“Of all the phrases in everyday use in meteorology the term ‘the general circulation of the atmosphere’ is high on the list for meaning ‘most things to most people’. This is not surprising for in the literature under the General Circulation heading we find everything from vague qualitative ideas and imaginative cellular circulations to intricate mathematical analyses, and from surface-bound observational studies to complex investigations of three-dimensional motion extending well above the tropopause.”—Dr. Gilbert B. Tucker, “The general circulation of the atmosphere” (1962) [1]
It is nearly 60 years since Tucker made the observation quoted above, yet it is still remarkably relevant. Terms such as “the general circulation of the atmosphere”, “atmospheric general circulation” or simply “atmospheric circulation” are clearly very important for describing both short-term weather patterns (e.g., meteorology) and longer-term climatic changes (e.g., climatology). However, as Tucker observed, the exact meanings of these terms are sufficiently loose that they can mean different things to different people at different times.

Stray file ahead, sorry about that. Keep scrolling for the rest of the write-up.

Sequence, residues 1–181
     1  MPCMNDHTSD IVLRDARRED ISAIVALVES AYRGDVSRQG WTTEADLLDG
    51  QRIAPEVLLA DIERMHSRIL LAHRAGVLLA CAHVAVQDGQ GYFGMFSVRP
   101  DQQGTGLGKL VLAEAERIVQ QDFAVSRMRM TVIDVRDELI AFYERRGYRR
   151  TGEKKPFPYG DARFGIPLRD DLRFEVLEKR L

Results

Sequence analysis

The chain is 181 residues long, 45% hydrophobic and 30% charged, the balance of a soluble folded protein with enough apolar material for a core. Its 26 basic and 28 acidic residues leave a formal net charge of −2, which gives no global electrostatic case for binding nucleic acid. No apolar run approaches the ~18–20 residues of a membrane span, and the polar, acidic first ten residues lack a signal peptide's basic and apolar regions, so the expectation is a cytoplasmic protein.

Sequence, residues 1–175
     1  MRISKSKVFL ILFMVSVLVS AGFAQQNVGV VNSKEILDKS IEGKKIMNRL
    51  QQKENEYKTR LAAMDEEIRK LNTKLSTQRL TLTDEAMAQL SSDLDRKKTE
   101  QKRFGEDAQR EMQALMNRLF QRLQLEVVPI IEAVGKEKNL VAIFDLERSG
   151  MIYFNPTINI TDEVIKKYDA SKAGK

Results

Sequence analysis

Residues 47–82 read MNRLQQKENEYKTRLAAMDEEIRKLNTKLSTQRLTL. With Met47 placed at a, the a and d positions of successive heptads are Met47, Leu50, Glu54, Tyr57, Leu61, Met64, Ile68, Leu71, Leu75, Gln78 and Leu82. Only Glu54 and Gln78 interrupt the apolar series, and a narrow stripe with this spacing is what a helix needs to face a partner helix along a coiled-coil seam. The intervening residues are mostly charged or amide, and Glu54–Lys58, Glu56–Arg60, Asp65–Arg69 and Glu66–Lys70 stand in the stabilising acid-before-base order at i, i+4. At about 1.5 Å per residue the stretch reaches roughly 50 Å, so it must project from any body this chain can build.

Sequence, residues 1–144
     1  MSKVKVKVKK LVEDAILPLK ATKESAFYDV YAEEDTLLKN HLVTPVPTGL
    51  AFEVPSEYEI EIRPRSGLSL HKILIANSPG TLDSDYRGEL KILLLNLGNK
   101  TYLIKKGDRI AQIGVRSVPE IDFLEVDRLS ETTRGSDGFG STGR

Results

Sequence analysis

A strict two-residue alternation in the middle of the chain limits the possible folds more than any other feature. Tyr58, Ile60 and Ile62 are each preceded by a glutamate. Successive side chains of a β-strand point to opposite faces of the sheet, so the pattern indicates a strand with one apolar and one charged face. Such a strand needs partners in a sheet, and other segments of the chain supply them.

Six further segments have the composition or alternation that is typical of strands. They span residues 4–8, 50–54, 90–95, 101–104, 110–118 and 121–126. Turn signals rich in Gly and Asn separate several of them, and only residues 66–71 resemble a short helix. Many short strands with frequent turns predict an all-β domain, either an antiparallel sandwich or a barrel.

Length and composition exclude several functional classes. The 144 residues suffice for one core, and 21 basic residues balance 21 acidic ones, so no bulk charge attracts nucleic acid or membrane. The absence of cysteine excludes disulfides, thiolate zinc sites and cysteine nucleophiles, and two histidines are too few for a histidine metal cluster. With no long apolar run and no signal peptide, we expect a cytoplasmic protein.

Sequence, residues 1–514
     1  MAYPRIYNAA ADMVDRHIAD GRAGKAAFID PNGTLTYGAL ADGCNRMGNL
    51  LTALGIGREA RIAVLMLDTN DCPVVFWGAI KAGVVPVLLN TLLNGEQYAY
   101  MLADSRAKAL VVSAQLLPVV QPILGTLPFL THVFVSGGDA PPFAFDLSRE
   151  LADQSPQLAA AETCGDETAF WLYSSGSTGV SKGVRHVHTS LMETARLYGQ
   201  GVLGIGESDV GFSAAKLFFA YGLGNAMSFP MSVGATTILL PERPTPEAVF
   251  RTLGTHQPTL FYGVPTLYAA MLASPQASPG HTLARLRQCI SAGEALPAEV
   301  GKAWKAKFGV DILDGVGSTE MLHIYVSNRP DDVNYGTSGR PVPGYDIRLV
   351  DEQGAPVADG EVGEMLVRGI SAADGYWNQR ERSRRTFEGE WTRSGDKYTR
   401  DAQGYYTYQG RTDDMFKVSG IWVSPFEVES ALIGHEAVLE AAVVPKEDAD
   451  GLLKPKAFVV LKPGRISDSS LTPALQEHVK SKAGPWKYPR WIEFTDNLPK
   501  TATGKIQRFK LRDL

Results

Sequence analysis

When we adhere to what Tucker described as “vague qualitative ideas”, the definitions are generic enough to describe the overall subject matter, but little more. These definitions typically are fairly uncontroversial, yet do not reveal much. Knox and Knox (2017) give a representative example: “The general circulation of the atmosphere (also known as the planetary circulation) is, in its most basic sense, the large-scale flow of the atmosphere across the entire planet. It is described by averages of horizontal and vertical motion of air over time and space as well as temporal and spatial deviations from the average conditions” [2]. However, as researchers try to pin down the definition into more specific and practical meanings the details become more amoeba-like.